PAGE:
She allowed herself a few seconds to contemplate the images, starting with herself: She was a fifty-four-year-old woman with a thin face, narrow shoulders, and straight, medium-length hair that she wore tucked behind her ears. The skin beneath her gray eyes was slightly darker than it was elsewhere on her face. Her hair was brownish-blond. For most of her adult life she’d looked younger than her actual age; that gap had now officially closed. She’d caught up with herself. Little wonder: Her life over the past few years had not been easy. A lot of people ended up wearing their histories on their faces. She was one of them.
She moved on to her colleagues.
Jake had just turned thirty. He had a lean, handsome face with somewhat delicate features—large brown eyes, high cheekbones, noticeable eyelashes—that he’d recently decided to complicate with the furry scraggle of a beard. The tough-guy look was offset, though, by the butternut-colored hair that tumbled to his shoulders in a soft wave. “You look like Jesus in one of those paintings on the Sunday school wall,” Nick had teased him the other day, the first time he’d deigned to comment upon Jake’s appearance. “Far as I know, though,” Nick went on, “you ain’t the Savior. You drink too much beer for that.” Jake’s reply had involved the cheerful brandishing of an upraised middle digit, a gesture at which Nick couldn’t take offense because, frankly, he’d been known to employ it himself on more than one occasion.
Nick was sixty-eight. His body was large but solid, and his face was seamed and leathery. He had a crew cut and a square chin. His deep-set hazel eyes looked out at the world with a definite wariness and a default attitude of mild suspicion, the inevitable result of having spent multiple decades in law enforcement. His broad forehead was scored with horizontal lines. Somebody had once told him, in Bell’s hearing, that he looked a little like the retired NFL star Howie Long. That pleased him. And then the guy added, “Or maybe Howie Long’s dad.” That didn’t.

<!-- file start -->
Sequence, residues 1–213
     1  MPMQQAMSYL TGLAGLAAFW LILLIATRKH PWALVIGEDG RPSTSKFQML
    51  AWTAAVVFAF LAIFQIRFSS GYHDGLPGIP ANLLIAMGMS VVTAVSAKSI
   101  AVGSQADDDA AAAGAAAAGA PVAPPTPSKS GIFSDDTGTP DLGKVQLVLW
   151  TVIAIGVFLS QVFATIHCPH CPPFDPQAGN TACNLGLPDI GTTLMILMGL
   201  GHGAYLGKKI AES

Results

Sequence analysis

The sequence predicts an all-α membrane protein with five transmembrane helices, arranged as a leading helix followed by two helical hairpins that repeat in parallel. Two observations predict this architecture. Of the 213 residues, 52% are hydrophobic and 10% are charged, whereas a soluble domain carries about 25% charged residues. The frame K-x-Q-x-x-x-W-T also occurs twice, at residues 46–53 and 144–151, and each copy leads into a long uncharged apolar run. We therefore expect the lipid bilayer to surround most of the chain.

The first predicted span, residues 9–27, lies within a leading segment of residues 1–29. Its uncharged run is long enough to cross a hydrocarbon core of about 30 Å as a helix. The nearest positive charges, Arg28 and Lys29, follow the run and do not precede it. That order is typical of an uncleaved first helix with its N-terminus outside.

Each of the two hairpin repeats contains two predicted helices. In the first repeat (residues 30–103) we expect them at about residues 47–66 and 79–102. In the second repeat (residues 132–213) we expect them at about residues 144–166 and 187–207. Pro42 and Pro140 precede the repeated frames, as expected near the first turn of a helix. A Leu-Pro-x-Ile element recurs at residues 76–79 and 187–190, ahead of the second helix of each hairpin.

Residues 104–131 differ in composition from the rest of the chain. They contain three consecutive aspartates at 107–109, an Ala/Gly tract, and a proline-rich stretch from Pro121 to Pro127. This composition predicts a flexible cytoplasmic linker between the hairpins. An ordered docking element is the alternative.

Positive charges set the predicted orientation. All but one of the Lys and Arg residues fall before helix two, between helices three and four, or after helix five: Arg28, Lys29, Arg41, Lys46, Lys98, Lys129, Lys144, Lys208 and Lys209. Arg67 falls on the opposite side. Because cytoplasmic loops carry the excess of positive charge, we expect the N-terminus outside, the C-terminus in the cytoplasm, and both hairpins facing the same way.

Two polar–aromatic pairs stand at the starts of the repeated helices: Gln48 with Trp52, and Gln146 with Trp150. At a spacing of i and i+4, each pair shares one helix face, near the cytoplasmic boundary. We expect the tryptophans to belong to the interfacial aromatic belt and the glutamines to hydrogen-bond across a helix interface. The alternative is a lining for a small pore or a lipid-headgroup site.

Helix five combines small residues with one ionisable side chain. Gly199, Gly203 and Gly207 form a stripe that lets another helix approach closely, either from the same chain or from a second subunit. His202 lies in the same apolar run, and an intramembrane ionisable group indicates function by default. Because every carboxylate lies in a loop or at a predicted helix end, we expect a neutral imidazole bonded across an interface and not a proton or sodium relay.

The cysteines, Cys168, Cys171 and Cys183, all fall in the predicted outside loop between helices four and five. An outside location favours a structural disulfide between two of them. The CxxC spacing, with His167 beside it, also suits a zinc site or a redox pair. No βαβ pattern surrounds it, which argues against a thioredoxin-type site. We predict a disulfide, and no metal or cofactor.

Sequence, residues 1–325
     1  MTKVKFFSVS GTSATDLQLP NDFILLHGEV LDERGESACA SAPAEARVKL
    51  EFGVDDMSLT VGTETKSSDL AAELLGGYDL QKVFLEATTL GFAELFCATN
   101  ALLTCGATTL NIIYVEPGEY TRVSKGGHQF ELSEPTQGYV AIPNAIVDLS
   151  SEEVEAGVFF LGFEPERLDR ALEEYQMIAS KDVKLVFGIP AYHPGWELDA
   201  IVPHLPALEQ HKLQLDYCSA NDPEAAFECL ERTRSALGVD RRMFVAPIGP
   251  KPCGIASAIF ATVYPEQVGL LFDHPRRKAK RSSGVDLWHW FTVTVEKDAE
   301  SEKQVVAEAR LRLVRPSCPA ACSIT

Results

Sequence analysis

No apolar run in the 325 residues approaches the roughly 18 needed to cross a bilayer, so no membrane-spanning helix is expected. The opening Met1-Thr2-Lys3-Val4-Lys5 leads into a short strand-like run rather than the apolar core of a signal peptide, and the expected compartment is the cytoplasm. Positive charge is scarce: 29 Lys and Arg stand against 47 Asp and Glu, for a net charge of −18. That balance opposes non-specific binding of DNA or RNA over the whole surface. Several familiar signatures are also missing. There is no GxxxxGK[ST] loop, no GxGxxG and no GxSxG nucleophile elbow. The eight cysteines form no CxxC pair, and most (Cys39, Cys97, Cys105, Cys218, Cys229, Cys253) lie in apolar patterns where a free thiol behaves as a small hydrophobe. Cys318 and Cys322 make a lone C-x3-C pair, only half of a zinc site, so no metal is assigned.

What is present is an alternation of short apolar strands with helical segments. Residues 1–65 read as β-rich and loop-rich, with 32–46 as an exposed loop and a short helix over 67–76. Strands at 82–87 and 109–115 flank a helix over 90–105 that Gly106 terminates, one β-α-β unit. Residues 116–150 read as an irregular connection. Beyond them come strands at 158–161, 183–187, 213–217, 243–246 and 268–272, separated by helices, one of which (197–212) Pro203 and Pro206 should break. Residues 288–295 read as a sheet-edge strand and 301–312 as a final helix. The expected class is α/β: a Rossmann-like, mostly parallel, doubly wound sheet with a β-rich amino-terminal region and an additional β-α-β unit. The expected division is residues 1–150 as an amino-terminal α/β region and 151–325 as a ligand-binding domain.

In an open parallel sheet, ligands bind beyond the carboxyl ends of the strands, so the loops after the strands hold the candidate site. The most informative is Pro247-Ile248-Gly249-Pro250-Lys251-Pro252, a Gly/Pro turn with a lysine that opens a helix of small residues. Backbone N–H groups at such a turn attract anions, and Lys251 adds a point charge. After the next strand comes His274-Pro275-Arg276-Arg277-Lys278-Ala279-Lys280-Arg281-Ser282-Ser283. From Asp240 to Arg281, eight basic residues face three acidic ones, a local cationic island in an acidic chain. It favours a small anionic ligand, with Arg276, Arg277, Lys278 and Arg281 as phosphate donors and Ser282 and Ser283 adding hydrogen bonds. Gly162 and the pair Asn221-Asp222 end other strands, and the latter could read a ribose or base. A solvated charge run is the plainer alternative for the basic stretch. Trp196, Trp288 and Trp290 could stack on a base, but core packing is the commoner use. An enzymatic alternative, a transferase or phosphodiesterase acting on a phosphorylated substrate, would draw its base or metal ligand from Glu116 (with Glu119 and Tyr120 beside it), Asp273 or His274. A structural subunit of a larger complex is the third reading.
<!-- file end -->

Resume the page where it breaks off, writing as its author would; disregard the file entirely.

Nick was sending a quick text. Like a lot of older people, he typed with a single index finger, not with both thumbs moving in an ambidextrous blur.
Bell was about to get back to business when she was struck by a thought. She’d had this particular insight before, to be sure, but somehow the force of it was intensified now, as she studied the visual echo of the three of them, sitting at a spindly table in a small, lighted office surrounded by the darkness of a disintegrating town. She couldn’t help but think of this place as a lighthouse jutting from a rocky cliff, while just beyond it, an ocean slapped and clawed at the hapless ship trying to make landfall. All that stood between a desperate crew and certain disaster was this: the faint but steady source of light.